When I was a child, no one ever explained sexuality to me. I knew that men and women got married because I saw examples of that all around me. My parents, my family, books, television.
I found out about being “gay” much later at school. Even then, there was a significant chunk of time when I didn’t know that gay wasn’t just a meaningless slur that others would use to bring you down. But even when I learned about what homosexuality was, I still haven’t encountered the word bisexual.
Until I was 13, I only ever saw heterosexual couples on TV and a few super campy characters who were supposed to be gay. I only met the first openly gay person that year. And the year after that I finally saw the first serious portrayal of a homosexual character on TV (Emily from Pretty Little Liars, in case you were wondering).
Around this time, I began to understand that people can be attracted to different genders. But the rule seemed to be this: you’re either straight (which is good), or gay (not so good).
The first time I was introduced to the word bisexuality, it was wrapped in a nice blanket of it doesn’t exist. You couldn’t say the word without the addendum of it’s not real. People would say they’re bi, of course, but they were lying to themselves. They were all actually gay. Just look at anyone gay on TV. They always start off dating someone of the opposite gender before they realize they’re gay. Bisexuality is a phase.
So, there I was a few years later, age 18 and fully aware of my attraction to men. Of course, there was a part of me that kept nagging, asking if I was sure I was straight. And I wasn’t. But I was pretty sure I wasn’t gay, so what did that leave me with? Everyone knew bisexuality wasn’t real. There were no bisexuals anywhere.
Until summer of 2015 came and Shane Dawson posted a coming out video. I was big into watching YouTube videos, so I immediately clicked on it. I’m bisexual, it was called. It wasn’t a long video, but it changed my life.
I watched it about three times and then sent it to all my friends. I didn’t know why, but I needed them to see it. It was important.
That summer, wherever I went, this one question kept haunting me. Could I be bisexual? I was obsessing about it, and I knew it. I kept comparing attractive women I saw on TV to attractive men. Is there a difference? Did I actually have a crush on Regina from Once Upon a Time this entire time?
Turns out I did. Three months after seeing the video, I came out to my closest friends.
The thing about Shane Dawson’s video was that it was real. You couldn’t deny his pain, his experience, his truth. There was no way you could convince me bisexuality wasn’t real, not after watching that.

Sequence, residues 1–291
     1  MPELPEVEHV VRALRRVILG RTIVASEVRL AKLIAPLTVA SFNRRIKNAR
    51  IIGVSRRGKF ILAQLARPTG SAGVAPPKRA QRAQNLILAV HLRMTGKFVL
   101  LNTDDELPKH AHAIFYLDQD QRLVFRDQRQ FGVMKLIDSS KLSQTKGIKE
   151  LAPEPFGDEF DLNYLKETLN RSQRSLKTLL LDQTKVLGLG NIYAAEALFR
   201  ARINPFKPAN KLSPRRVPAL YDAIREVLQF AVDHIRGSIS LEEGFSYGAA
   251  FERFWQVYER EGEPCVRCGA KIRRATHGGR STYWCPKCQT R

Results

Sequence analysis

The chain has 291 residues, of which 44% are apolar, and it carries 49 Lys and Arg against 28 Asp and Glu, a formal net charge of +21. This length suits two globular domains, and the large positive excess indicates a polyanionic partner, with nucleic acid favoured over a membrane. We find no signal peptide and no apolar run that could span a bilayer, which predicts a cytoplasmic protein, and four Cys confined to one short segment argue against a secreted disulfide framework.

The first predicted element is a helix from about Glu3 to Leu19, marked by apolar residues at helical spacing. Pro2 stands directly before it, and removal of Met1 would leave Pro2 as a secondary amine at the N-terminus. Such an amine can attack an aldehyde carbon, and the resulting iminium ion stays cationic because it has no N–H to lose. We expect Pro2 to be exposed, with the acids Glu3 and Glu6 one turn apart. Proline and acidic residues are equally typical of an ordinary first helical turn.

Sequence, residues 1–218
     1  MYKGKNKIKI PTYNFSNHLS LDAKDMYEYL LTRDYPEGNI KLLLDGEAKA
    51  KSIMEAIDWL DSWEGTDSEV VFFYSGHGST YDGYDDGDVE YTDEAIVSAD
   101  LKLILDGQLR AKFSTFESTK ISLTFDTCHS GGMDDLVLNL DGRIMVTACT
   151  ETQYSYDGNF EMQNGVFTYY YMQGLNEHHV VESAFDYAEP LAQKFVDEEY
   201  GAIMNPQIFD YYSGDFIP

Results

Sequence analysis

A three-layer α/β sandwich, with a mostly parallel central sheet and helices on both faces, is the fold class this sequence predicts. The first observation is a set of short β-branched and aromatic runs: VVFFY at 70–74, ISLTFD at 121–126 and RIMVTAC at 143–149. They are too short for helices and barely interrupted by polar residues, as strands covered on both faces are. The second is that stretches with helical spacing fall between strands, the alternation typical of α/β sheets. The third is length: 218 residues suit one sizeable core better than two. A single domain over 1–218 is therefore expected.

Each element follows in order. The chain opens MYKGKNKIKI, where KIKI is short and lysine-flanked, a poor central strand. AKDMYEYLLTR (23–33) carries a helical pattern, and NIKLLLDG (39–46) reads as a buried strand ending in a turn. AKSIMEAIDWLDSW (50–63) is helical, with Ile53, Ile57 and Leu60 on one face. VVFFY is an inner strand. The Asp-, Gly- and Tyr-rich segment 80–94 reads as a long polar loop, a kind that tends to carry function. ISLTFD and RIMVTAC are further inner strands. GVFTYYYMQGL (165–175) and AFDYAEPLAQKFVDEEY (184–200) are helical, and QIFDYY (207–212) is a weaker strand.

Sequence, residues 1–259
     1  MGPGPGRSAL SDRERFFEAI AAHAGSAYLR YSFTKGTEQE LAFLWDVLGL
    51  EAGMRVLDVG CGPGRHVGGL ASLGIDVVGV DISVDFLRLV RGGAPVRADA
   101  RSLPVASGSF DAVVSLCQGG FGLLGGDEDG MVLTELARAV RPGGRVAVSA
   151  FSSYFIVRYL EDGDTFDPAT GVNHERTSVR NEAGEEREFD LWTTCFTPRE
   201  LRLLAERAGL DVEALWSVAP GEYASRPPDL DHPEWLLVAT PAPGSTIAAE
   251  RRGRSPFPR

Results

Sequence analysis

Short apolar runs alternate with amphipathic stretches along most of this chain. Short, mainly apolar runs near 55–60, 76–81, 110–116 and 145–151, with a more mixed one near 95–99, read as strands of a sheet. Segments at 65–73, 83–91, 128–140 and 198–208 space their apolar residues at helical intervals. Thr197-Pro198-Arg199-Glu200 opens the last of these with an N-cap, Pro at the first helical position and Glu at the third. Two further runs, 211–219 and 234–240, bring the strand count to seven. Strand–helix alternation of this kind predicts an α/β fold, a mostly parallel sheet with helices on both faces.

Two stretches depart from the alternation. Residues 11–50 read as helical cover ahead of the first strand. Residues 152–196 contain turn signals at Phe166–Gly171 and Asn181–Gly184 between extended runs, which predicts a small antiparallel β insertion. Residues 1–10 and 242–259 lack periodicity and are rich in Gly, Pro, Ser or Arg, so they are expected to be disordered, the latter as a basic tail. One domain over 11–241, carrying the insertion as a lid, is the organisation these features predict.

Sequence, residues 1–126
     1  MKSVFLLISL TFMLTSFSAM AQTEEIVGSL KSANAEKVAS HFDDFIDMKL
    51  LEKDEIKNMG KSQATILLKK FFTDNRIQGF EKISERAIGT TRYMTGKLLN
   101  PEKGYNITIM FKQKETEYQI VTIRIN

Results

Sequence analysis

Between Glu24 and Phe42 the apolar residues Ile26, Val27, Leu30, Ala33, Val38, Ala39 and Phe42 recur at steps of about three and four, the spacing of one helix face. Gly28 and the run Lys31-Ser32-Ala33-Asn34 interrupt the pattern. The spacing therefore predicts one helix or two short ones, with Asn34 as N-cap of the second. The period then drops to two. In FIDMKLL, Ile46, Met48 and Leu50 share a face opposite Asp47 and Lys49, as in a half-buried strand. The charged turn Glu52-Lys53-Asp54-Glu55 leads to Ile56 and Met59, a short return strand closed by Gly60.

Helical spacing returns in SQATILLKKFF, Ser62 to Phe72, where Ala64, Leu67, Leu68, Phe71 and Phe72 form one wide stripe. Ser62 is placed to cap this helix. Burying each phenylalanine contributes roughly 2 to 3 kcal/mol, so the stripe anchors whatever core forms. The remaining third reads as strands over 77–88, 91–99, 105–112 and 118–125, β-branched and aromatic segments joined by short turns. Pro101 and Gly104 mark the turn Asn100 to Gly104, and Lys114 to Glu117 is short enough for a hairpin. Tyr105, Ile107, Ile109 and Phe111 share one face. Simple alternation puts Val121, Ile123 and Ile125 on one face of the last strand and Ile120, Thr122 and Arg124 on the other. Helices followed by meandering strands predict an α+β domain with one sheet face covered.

Once I knew it was real, all of these things kept coming to the surface. How I fancied a girl when I was thirteen (and then suppressed the memory of it). How I always questioned my heterosexuality. How I always felt personally offended by the word gay because it hit too close. How I had way too many girl crushes (and how they weren’t “girl crushes” but actual crushes).
It’s now been almost five years since I realized I was bisexual. Sometimes, it feels like it’s been much longer. But, sometimes, I wonder. I wonder how long it would’ve taken me had Shane Dawson not made that video.
In recent years, there has been a lot of discussion about media representation. Whether you’re gay, bi, Asian, black, trans, fat, small, disabled — you have a right to see yourself reflected in the media. I didn’t see myself on TV and it messed me up for years. I always knew something was missing, but I never knew what. How could I understand who I was when I didn’t even know people like me existed?
I am writing this story for three key reasons.
First, to say that yes: we need more representation and diversity in the media. We need characters who aren’t all exactly the same. We need celebrities and people with a platform speaking up, sharing their stories. Without this, we risk that people will feel invisible. Without this, we risk that whole groups will be erased from the public eye.
Second, to contribute to the representation we so desperately need. Mine is a story about a confused bisexual girl who became a slightly less confused bisexual/pansexual woman. Maybe by sharing my story, someone will feel more represented.
And third—well, it’s good therapy to write about your feelings, isn’t it?
Media representation is vital. We need it, and we still don’t have enough of it. Not seeing myself on TV was damaging to my mental health. It was also damaging to all those people who tried to help me by saying bisexuality wasn’t real. They didn’t know any better — and how could they, when they’d never seen anything that would prove otherwise?
We all need to do better, be better. Request, no, demand that we are seen.
No matter who you are, that’s your right. You should be seen, and you should be heard. For the sake of you and all those who will come after.